It goes without saying that everyone wants to reach top tier media. It is also widely known that it is easier said than done. In this edition of our blog, drawing on insights from Roxhill Media and our own work, we’ll take a look at some of the best business profile slots in the UK, and I will provide some advice on how to gain success when pitching to the journalists who write the features.
Why you should research the journalist and outlet before pitching
Naturally, every journalist, outlet and feature are different. Therefore, your approach needs to differ for every pitch, every outlet and every journalist. When securing the best opportunities for your organisation, we have previously noticed some trends that help us to ensure we succeed.
Bearing in mind that every journalist will have different priorities, it is worth researching their articles to gain an understanding of their style and their areas of expertise before you pitch. If you understand the journalist’s style and topics they cover, you can be more assured you will be successful. However, if you'd like some more tips for pitching you can find them here.
Pitching the Sunday Interview in The Sunday Telegraph
Let’s start with the Sunday Interview in The Sunday Telegraph. A weekly interview, this features big names in business. This could be a great opportunity for one of your high-profile business professors, or your superstar alumni to speak with a journalist and bring your brand’s name to a new audience. They are keen to welcome a diverse group of people to the interview, as long as they fit the right criteria in terms of business, but be aware that it can take a long time for an interview to be arranged and published. Therefore, expect a long waiting period!
The Mail on Sunday’s version of “The Sunday Interview”
Next up, The Mail on Sunday’s version of “The Sunday Interview.” Similarly, this is a business feature. They are constantly on the lookout for someone who stands out, and they love a good success story. As to be expected, the waiting time is also quite long, but worthwhile.
Securing the “Profile” in The Observer
“Profile” in The Observer is another weekly piece. They stand out from the previous two slightly, as they like to speak about the interviewee’s personal life as well as their business success. They want to get a rounder idea of the business person. They prefer to feature people who may be about to make a big business decision and will be a talking point in the weeks after the interview, which is an excellent point to remember when pitching.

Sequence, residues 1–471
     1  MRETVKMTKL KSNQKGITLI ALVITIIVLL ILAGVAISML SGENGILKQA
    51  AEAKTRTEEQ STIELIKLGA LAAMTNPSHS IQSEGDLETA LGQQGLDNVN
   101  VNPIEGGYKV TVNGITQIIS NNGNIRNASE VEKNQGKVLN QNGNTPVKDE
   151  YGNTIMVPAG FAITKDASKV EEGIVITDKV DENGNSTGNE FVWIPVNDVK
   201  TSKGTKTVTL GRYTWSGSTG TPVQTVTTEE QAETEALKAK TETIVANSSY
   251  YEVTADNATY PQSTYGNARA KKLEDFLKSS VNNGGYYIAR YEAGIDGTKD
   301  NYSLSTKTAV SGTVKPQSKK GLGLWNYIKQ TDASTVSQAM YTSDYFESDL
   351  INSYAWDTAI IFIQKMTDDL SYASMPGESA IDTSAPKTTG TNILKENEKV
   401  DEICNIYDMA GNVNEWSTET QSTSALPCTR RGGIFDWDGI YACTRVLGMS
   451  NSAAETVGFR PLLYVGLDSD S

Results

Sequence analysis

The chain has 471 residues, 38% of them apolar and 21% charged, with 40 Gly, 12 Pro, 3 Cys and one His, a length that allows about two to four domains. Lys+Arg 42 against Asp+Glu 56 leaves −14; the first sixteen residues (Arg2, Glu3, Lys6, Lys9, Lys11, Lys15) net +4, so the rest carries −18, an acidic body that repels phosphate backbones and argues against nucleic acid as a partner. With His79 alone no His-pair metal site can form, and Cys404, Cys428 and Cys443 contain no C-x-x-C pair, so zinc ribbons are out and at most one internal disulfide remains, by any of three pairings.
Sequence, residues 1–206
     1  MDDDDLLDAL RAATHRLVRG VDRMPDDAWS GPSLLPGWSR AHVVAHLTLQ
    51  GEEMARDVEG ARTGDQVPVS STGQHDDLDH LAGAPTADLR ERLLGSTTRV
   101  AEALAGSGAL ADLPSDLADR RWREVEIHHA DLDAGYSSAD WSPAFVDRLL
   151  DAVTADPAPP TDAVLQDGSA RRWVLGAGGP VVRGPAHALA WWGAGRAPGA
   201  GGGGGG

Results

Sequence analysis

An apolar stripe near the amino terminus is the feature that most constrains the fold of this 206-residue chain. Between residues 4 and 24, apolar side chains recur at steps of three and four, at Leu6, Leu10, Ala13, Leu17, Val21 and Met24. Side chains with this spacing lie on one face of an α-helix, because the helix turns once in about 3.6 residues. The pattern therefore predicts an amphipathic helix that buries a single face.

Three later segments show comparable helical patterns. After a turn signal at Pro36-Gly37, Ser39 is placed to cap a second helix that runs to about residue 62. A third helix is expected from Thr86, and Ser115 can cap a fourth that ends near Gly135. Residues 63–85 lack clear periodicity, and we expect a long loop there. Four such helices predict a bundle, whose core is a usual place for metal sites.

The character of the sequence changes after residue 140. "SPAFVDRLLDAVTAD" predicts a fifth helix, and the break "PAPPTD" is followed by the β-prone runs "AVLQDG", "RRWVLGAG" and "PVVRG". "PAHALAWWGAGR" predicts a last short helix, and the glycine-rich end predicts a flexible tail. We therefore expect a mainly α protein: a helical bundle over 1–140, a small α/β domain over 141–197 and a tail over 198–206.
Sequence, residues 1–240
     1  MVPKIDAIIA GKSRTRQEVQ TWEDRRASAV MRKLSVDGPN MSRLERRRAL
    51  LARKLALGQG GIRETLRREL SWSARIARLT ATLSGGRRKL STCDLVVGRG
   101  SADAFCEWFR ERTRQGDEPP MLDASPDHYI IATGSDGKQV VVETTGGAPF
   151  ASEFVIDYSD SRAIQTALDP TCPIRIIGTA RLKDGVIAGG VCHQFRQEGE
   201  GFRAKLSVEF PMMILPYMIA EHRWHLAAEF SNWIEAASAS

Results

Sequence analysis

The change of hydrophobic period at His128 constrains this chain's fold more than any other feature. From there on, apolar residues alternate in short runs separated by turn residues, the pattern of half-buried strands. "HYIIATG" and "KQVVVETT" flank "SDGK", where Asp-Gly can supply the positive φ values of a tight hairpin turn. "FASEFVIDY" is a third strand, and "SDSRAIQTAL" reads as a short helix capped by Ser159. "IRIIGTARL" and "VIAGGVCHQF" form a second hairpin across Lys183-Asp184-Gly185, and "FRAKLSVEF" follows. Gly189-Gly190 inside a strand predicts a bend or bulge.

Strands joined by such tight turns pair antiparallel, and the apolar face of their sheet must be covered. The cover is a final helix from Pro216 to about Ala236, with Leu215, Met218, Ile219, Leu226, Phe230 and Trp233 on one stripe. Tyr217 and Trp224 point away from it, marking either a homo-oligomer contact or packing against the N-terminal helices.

“How to Lead” in The Financial Times
The Financial Times’ version is known as “How to Lead.” It is released every Monday, and focuses heavily on CEOs and leaders. They usually discuss issues they have tackled in their careers. Interviewees should be prepared to talk about mistakes they have made and how they learned from them. They are keen to feature more women in leadership in the piece. They like to host the interviews at least a month in advance, so make sure you pitch early!
“The Manifesto” in The Times
“The Manifesto” in The Times is our next example. Released on Saturdays, this feature focuses on CEOs too, particularly those from the FTSE 250 level. However, if the profile is particularly interesting, they will consider others too. They are open to pitches and will ensure space is made for any particularly interesting profile.
“City Moves” in City AM
Last but not least, we have City AM’s version of the business profile. A daily newspaper, this isn’t exactly a weekly feature. City AM have a slot known as “City Moves” available in their editions from Tuesday to Friday. This is an excellent opportunity for pitching members of senior staff. It is currently written by a journalist who focuses on Science and Technology, and whilst they usually focus on companies, it could be a great slot for individuals who want to discuss something newsworthy.
Why journalists are interested in interviewing senior academics
Whilst a lot of these features are stereotypically “business” focused, they should not be ruled out for senior academics. Journalists who write them are always on the hunt for something, or someone, that will stand out. The Dean or Rector of your school is essentially a CEO in their own right too. They have a whole career to discuss, and have likely a lot of wisdom that could be shared. Your professors, researchers and successful alumni can also make waves if they feature in one of these articles. Whilst they are difficult to get, they are read by a wide audience. Education could be the cornerstone of success, and people could love to read about your institution, research or graduates if there is something special and interesting to talk about. So, to interviewees: make sure you are prepared, don’t be nervous. If you are getting the chance to feature in one of these fantastic articles, you most certainly have something interesting to say, so make sure you convey that!
Georgina is a friendly and dedicated PR professional, committed to producing and sharing compelling stories that achieve impactful results for impressive clients such as EHL Hospitality Business School, ESSEC Business School, Asia School of Business, and many more around the globe.